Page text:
Let’s start with Newt. First of all, Newt, which part is a lie? Do you know about your history? What made America exceptional? Was it our industrial beginnings which quickly exploded into the envy of the world? Well, if you know about our history, you’ll understand that the American Industrial Revolution began with the textile mills. It worked so well that people started inventing ways to make it work even better. One of those inventions was the Cotton Gin. That machine sped up the process of preparing cotton for the textile process so much that the demand for cotton skyrocketed. The North needed much more cotton, the South needed to produce more and more of it. That led to a great increase in slavery, which in turn led to a need for more land, which in turn led to Manifest Destiny, which in turn led to the war with Mexico, which forced the Mexican Cession from which the United States took Texas, California, and everything in between from Mexico. Just months later, gold was discovered in California which doubled the world’s known supply of gold. Are you beginning to see the picture. Newt? Telling this story isn’t “left history”, it’s just history. Telling the whole story doesn’t delegitimize America, it legitimizes the people who lost so much in order for America to rise to its dominant world status.
This same issue applies to the conservative Christian community, too. Too many Christians try to sweep history under the rug. The fact is, many horrible things have been done, and continue to be done, under the banner of Christianity. In 1619, when the first shipment of slaves from Africa arrived in the Jamestown, the main justification for it was that the “godless savages” from Africa would be converted to Christianity. Souls would be saved at the expense of abused bodies and minds. The same reasoning was applied to the treatment of Native Americans as westward expansion occurred. As Indians were being forced off their land, there were attempts made to convert them to Christianity. Those who converted were given the option to assimilate into American society–become like us, adopt our culture, or get out. After the Civil War finally brought an end to chattel slavery in America, Christianity was again bastardized and used as justification to terrorize the newly freed and enfranchised blacks. “Christians” wearing white hoods and burning crosses intimidated blacks from exercising their new rights and freedoms. They set up a segregated society and enforced it with Bibles in hand. This continued into modern times, of course. There are still millions of living black Americans who experienced this first hand. Those scars are not so old after all. And now, with the surreal presidency of Donald Trump, those wounds have been reopened. Terrible people, many under the banner of Christianity, are again terrorizing society’s marginalized. The conservative Christian Church seems to endorse it with their continuing support of the Trump presidency.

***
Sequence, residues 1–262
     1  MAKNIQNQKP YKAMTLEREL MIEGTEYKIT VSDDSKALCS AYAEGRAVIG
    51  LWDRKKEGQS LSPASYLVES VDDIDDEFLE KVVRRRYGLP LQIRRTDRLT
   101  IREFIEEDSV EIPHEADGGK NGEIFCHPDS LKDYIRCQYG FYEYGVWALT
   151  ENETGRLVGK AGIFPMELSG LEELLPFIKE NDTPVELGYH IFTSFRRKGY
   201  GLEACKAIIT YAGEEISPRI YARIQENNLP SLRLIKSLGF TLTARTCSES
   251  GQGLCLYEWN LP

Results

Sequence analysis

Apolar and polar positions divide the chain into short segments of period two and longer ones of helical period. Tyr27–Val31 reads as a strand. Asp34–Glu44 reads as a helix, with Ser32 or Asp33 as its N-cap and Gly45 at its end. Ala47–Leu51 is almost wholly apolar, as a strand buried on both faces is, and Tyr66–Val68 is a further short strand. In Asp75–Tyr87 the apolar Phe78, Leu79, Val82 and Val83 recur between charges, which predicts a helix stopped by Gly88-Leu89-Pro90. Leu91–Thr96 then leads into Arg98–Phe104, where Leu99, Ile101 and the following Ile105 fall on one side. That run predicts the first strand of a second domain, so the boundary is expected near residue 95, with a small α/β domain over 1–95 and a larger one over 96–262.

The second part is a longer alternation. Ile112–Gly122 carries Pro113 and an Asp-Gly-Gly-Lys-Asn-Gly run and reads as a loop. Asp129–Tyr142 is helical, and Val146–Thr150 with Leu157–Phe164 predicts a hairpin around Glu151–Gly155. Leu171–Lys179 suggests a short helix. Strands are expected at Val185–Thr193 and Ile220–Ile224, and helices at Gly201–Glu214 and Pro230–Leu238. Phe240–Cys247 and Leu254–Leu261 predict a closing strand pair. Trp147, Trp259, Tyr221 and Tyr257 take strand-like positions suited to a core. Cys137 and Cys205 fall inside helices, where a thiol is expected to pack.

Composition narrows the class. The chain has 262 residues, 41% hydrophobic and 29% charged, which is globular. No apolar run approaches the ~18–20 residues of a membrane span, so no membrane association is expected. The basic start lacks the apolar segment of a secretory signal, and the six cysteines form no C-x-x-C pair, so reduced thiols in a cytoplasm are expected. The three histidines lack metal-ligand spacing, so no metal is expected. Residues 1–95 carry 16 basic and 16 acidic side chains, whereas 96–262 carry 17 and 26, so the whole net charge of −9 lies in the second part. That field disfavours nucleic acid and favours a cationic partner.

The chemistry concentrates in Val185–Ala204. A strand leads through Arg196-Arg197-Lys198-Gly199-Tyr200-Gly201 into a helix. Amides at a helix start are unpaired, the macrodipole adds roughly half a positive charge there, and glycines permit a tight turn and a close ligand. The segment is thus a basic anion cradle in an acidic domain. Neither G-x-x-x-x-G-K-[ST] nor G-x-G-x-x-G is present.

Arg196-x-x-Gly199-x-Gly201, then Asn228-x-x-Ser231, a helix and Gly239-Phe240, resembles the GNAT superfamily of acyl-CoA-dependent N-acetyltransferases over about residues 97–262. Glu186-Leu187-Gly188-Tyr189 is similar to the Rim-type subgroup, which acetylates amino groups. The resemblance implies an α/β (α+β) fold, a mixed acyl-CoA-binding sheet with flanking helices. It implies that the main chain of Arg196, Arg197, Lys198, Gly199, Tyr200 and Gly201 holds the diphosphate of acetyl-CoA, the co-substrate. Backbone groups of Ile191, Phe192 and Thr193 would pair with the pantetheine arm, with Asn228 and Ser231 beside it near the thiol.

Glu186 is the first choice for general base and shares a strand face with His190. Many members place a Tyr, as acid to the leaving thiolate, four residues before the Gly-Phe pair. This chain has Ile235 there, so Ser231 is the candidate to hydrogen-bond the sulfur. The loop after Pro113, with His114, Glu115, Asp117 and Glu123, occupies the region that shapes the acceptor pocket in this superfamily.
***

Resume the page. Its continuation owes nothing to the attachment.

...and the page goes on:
America was indeed founded on great principles. We are indeed a great experiment in human liberty. But experiments often fail. When they do, good scientists will try a different approach to get better results. The conservative mindset wants to use the same approach and just ignore the negative data.
In America, we say we are one thing, but we have never really been that thing. Until we recognize and own the negative data; until we face our warts and work to heal them; we will never move beyond them.
In short, we will never be who we claim to be until we face who we really are.